1,8-Naphthyridine-2,7-dicarbaldehyde was synthesized with a minor change according to the literature [37,41]. A mixture of selenium dioxide (1.11 g, 10 mmol) in anhydrous 1,4-dioxane (10 mL) was heated to 110 ℃ under a nitrogen atmosphere, then 2,7-dimethly-1,8-naphthyridine was added (316 mg, 2.0 mmol). Stirring was continued for two hours and hot filtered. Chloroform (25 mL) was added to the filtrate and washed with water (3 × 10 mL). The combined organic was washed with 5% sodium bicarbonate (aq) (25 mL), dried over anhydrous Na2SO4, and concentrated in vacuo. This residue was redissolved in hot ethyl acetate (25 mL), hot filtered, giving a pale brown powder. Yield: 214 mg (58%). 1H-NMR (400 MHz, DMSO-d6) δ = 8.28 (d, J = 8.0 Hz, 2H), 8.52 (d, J = 8.0 Hz, 2H), 10.40 (s, 2H).

2.4. Synthesis of Compound L

A mixture of 5-amino-1,10-phenanthroline (585 mg, 3.0 mmol) and 1,8-naphthyridine-2,7-dicarbaldehyde (186 mg, 1.0 mmol) in anhydrous EtOH (80 mL) was heated at 80 ℃, then 10 drops of HOAc were added. The mixture was refluxed for 24 h. A suspension was obtained. The yellow precipitate was collected by filtration, washed with hot EtOH, and dried in vacuo. Yield: 463 mg (88%) of a yellow solid. 1H-NMR (400 MHz, DMSO-d6) δ = 7.79–7.91 (m, 6H), 8.55–8.57 (m, 2H), 8.76–8.79 (m, 6H), 8.96–8.99 (m, 2H), 9.13–9.17 (m, 4H), 9.24–9.26 (m, 2H). ESI-MS m/z = 540.65 [M + H]+, 562.21 [M + Na]+. Theoretical exact mass: m/z = 540.18 [M + H]+, 563.17 [M + Na]+. Found: C, 74.4; H, 3.8; N, 20.8. Calculated for C34H20N8: C, 74.5; H, 3.7; N, 20.7%.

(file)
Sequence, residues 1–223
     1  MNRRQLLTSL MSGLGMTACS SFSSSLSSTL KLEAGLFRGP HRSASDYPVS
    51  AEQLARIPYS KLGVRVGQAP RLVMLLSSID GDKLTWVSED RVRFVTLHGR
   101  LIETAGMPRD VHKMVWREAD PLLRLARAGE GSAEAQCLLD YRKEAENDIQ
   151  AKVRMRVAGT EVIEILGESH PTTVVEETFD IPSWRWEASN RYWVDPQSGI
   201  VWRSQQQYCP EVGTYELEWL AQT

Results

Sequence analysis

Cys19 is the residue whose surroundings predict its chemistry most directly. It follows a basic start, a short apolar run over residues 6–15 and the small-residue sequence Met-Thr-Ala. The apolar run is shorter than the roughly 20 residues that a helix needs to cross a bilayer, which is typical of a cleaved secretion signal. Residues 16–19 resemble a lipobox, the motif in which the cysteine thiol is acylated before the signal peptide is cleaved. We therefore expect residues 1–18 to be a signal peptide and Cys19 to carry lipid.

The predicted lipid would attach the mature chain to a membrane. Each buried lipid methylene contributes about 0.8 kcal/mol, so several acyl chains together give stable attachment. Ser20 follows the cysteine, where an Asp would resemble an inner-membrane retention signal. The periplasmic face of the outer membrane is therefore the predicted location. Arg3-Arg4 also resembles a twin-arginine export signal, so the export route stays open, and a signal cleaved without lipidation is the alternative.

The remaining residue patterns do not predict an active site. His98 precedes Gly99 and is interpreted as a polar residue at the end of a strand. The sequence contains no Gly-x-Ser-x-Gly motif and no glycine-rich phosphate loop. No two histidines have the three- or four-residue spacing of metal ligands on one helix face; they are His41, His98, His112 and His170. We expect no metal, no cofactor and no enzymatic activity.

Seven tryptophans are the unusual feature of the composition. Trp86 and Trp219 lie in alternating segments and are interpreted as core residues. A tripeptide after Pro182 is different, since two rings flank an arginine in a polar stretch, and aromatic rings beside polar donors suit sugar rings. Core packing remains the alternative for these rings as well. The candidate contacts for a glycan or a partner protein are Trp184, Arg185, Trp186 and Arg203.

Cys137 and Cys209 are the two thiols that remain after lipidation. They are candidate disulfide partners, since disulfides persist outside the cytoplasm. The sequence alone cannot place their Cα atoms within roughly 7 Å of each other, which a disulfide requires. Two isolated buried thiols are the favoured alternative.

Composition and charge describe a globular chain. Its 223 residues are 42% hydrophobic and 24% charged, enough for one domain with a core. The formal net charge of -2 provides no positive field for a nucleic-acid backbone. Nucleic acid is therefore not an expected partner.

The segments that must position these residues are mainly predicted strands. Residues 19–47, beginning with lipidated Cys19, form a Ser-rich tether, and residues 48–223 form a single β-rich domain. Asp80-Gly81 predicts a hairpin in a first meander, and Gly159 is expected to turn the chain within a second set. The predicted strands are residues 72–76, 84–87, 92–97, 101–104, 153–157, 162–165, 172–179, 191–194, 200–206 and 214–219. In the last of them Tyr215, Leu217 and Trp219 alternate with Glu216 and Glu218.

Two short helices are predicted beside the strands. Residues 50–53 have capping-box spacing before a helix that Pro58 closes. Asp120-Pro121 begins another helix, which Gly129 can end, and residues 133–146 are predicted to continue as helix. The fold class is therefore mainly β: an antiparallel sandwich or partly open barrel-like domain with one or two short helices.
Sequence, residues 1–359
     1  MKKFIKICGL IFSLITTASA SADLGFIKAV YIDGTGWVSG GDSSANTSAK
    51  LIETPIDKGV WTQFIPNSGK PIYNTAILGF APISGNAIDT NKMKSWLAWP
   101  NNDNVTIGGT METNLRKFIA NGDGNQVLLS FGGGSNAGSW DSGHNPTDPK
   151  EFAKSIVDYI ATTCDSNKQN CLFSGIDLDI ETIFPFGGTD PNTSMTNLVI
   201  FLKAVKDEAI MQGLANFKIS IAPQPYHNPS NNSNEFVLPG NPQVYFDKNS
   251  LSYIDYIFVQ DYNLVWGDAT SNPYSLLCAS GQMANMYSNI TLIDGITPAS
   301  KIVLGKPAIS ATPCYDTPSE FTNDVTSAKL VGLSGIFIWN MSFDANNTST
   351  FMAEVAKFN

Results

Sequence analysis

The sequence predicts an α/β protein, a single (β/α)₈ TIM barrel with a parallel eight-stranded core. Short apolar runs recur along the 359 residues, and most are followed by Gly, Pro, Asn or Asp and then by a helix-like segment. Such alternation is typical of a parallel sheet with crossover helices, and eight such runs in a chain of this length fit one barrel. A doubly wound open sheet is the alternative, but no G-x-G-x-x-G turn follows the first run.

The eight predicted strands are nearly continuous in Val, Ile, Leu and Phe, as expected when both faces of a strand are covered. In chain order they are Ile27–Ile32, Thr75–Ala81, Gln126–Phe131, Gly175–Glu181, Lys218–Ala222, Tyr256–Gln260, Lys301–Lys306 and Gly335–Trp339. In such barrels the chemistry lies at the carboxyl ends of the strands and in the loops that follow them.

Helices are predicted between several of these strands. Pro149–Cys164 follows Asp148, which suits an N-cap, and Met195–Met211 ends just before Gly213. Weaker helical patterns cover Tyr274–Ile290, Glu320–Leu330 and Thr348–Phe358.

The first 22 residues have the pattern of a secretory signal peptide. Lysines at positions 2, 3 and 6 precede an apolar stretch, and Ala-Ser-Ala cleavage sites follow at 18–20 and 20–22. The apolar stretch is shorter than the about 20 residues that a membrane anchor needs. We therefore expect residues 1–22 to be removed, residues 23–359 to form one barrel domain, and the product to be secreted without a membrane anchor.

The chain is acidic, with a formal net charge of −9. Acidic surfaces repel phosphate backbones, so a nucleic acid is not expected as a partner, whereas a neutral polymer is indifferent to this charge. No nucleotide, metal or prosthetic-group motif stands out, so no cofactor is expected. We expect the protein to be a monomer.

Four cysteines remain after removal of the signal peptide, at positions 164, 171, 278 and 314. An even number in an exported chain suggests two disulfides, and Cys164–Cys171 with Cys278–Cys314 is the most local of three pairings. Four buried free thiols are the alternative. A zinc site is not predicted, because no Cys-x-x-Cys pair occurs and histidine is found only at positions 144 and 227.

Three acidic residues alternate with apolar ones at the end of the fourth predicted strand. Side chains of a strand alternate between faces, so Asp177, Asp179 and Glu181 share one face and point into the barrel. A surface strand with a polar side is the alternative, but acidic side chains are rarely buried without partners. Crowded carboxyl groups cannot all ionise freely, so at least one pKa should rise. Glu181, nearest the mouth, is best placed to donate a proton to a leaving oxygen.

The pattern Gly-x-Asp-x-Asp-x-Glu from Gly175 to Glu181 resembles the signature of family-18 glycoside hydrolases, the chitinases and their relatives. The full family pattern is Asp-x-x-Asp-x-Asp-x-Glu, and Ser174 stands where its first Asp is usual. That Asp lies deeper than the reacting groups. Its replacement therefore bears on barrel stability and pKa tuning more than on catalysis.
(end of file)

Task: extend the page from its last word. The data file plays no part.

2.5. Synthesis of H2L

L (324 mg, 0.60 mmol) was dissolved in anhydrous CHCl3-EtOH (200 mL, 1:1, v/v), in which NaBH4 (228 mg, 6.0 mmol) was added. The solvent was stirred at room temperature for 72 h, then washed with distilled water (50 mL × 3). The combined aqueous layers were extracted with CH2Cl2, then the combined organic layers were dried over anhydrous Na2SO4. The organic solvent was evaporated in vacuo, then the crude product was purified by column chromatography on SiO2 (eluent: v(CH2Cl2)/v(EtOH ) = 10:1), giving a yellow solid. Yield: 130 mg (40%). 1H-NMR (400 MHz, DMSO-d6) δ = 5.03 (s, 4H), 6.7 (s, 2H), 7.37 (s, 2H), 7.47 (dd, J = 4.0, 8.0 Hz, 2H), 7.73–7.78 (m, 4H), 7.95 (d, J = 8.0 Hz, 2H), 8.21 (d, J = 8.0 Hz, 2H), 8.78 (d, J = 4.0, 2H), 8.90 (d, J = 8.0 Hz, 2H), 9.16 (d, J = 4.0 Hz, 2H). ESI-MS m/z = 544.64 [M + H]+. Theoretical exact mass: m/z = 544.21 [M + H]+. Found: C, 75.1; H, 5.3; N,19.6. Calculated for C34H24N8: C, 75.0; H, 4.4; N, 20.6%.

2.6. Synthesis of [{Ru(bpy)2}22-H2L)](PF6)4